So let’s talk Center Parcs. Here’s the thing – I had a great time. There’s no denying it BUT I had a great time because I was there with our mates and kids to celebrate a 40th. We laughed, we drank, we played games, we swam and we rode bikes. We also paid a lot of money to be there and, when all is said and done, I reckon I can think of a million things I’d rather have thrown cash at…like a colonic irrigation while drinking bin juice through a donkey’s foreskin.
I’m not saying I didn’t like Center Parcs. As a concept I think it’s right on. On the way there I felt like we were heading towards a 21st century version of Kellerman’s from Dirty Dancing. That’s what I wanted it to be. Perhaps I’d raised the bar too high. Perhaps it was the lack of Patrick Swayze grinding his hips that was the final nail in the coffin. Perhaps it was The Plaza?
The Plaza is the hub of Center Parcs. It where the spa is, the activity rooms, the supermarket and restaurants. It also feels like an airport Terminal and not like Heathrow Terminal 5. It’s definitely more Luton and the only good thing I can say about the Sport’s Café is that it’s big. We grabbed a table and fit high chairs, buggies and bags all around it without even touching the sides of the next table (anyone else just explode when you sit down somewhere?) but the food was average (although credit to them: a kid’s portion IS a kid’s portion!) and it took about an hour to come.
The thing about Center Parcs is that it’s pretty expensive to start with. You can reconcile yourself with that – it’s the school holidays, it is what it is. It’s just that their commitment to getting more money out of you never, ever stops. Swimming is free but we can’t spend the whole weekend swimming and beyond that you can move without discovering they’ve nicked another tenner from you. They’ve provided nothing free to distract you from the possibility of handing over more cash. The playground is dire and totally unusable for a kid under 5. The soft-play is the size of a postage stamp: my two year old was bored in 4 minutes and 53 seconds and my 4 year old wouldn’t even go near her. I couldn’t blame her.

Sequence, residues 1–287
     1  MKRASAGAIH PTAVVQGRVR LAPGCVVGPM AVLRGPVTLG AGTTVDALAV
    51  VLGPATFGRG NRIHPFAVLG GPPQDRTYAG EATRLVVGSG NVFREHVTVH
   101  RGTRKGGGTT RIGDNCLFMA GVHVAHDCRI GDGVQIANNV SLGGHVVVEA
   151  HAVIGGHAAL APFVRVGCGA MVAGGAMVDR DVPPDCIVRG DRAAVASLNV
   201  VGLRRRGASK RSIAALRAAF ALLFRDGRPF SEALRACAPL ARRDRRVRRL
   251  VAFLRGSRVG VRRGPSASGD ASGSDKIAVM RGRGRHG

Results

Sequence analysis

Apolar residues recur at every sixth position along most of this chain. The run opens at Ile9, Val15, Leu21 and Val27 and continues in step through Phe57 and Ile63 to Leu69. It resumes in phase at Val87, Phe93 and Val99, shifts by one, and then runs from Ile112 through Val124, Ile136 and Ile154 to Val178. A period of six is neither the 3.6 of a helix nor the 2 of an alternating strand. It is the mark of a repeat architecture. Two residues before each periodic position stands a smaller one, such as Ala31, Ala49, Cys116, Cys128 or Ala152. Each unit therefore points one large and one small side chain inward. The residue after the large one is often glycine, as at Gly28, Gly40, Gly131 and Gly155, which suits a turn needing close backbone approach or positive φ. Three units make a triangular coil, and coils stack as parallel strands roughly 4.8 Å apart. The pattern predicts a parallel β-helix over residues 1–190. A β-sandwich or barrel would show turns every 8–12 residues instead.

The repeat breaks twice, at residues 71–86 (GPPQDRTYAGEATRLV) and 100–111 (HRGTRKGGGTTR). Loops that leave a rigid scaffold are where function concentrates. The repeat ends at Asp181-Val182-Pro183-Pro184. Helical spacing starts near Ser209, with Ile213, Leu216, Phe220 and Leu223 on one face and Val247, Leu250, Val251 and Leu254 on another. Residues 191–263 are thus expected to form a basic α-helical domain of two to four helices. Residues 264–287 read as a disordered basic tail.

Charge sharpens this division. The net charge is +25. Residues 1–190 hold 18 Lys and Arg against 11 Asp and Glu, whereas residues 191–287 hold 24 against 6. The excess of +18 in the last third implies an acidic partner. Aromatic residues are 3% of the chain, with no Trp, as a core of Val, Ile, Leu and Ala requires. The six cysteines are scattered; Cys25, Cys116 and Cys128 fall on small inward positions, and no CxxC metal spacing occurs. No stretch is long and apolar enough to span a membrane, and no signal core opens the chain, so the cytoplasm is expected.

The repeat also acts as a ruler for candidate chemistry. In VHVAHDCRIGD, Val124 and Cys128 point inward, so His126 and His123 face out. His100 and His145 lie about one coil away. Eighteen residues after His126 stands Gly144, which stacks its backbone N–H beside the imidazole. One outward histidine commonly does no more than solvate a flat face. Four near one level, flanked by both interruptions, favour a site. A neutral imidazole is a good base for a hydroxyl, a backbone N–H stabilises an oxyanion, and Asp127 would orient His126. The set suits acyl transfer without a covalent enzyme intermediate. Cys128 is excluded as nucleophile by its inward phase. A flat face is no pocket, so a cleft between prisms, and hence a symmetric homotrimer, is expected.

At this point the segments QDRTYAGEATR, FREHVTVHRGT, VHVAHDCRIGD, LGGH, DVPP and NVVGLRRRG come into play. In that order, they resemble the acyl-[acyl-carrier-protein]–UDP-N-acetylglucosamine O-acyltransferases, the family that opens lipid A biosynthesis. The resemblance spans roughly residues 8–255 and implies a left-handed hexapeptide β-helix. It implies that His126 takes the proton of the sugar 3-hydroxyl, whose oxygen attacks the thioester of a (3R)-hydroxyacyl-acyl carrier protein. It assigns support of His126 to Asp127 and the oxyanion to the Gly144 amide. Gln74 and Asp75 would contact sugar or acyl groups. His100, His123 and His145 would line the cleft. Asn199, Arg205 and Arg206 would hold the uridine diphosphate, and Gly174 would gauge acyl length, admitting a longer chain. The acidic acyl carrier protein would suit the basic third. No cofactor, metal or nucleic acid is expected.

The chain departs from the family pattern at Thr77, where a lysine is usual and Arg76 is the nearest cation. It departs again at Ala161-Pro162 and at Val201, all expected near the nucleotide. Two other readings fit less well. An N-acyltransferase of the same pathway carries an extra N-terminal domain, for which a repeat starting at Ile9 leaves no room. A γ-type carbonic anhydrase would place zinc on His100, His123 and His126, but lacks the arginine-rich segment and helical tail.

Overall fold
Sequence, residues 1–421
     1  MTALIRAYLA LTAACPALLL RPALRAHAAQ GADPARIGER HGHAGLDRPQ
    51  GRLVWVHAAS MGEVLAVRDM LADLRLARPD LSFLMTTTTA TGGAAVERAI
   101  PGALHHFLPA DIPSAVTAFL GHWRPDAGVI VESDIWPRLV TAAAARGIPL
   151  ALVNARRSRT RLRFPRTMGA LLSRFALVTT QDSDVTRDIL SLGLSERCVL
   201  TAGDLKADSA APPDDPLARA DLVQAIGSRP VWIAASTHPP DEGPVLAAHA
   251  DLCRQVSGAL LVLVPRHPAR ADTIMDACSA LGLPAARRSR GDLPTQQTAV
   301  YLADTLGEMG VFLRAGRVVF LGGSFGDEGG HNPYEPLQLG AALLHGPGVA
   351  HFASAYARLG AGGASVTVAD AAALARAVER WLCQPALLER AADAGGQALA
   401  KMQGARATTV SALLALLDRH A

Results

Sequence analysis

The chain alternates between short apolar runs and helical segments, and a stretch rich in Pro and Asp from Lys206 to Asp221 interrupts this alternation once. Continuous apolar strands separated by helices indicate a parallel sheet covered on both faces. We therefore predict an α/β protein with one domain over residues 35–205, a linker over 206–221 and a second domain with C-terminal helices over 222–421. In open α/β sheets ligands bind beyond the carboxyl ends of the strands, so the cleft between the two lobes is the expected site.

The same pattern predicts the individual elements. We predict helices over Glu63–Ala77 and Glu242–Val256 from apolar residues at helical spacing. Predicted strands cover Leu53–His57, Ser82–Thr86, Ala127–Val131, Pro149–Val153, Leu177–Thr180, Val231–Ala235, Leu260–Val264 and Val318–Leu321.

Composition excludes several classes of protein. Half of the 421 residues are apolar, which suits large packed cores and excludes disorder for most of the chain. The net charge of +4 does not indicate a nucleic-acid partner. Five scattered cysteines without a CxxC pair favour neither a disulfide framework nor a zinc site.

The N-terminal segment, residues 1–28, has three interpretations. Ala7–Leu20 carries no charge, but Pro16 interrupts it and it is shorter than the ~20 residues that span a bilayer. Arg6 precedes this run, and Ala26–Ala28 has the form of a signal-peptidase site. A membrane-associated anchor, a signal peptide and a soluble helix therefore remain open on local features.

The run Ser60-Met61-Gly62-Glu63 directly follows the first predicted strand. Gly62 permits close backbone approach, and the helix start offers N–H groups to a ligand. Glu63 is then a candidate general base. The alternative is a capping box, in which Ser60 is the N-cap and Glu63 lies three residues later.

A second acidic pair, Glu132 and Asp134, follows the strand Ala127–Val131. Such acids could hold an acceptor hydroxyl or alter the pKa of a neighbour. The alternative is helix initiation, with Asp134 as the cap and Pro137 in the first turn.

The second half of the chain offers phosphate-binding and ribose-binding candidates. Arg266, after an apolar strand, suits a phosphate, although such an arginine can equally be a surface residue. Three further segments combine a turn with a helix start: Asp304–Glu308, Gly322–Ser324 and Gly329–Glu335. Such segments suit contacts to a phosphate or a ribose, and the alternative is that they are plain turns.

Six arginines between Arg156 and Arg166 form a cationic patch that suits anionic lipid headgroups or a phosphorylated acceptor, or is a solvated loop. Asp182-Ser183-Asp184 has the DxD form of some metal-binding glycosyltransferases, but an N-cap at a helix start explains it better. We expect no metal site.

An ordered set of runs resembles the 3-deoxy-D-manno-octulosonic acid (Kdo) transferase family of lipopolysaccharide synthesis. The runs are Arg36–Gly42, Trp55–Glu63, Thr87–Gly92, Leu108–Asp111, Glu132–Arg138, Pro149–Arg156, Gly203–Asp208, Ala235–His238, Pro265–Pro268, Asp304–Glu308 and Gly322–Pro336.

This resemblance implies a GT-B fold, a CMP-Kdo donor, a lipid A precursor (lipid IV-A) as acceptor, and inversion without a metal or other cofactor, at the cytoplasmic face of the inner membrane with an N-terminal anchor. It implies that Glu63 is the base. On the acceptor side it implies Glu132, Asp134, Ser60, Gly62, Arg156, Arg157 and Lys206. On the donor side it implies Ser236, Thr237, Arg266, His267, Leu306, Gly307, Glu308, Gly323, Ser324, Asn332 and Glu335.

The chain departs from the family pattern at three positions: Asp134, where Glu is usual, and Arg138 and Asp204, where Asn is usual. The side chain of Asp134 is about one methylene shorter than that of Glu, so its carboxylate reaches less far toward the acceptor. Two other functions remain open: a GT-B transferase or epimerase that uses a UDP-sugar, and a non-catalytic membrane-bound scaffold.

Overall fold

You get the feeling this is a conscious choice on the part of Center Parcs. If they provided a badass adventure playground and a great soft play, there’d be little reason for us to throw £10 at a broomstick making workshop or £18 at 15 minutes of pony riding. There’s little effort to offer you restaurants that you can’t find everywhere else (and pay less money for outside of the Parc). Here’s the thing: I’m happy to spend money but when I feel like I’m being shafted I’m only going to be grumpy about it. And as far as Center Parcs goes, I felt shafted to the point of needing an ice pack.
So what’s good about it? The swimming pool is great but there’s no winch for disabled guests like my friend. Also, a kid did a turd in the pool at one point rendering it unusable for about an hour. I can’t blame that on Center Parcs but it did nothing to improve my mood. The kid-sized trollies in the store were a godsend and while Billie was on the most expensive pony ride ever, we kept Bo entertained by walking around the supermarket.
I’m sure some of you will have a break at Center Parcs booked because in this day and age, who doesn’t? I don’t want to put you off – we had a good time. All I want you to know is that it is going to cost you a fortune and, as long as you don’t spend time thinking about what else you can do with that money, you won’t care. Just commit to throwing money at every problem and you’ll have a grand old time.
Frankly, I couldn’t help feeling that the whole thing would make an excellent starting point for one of Charlie Brooker’s Black Mirror and that’s not great, is it?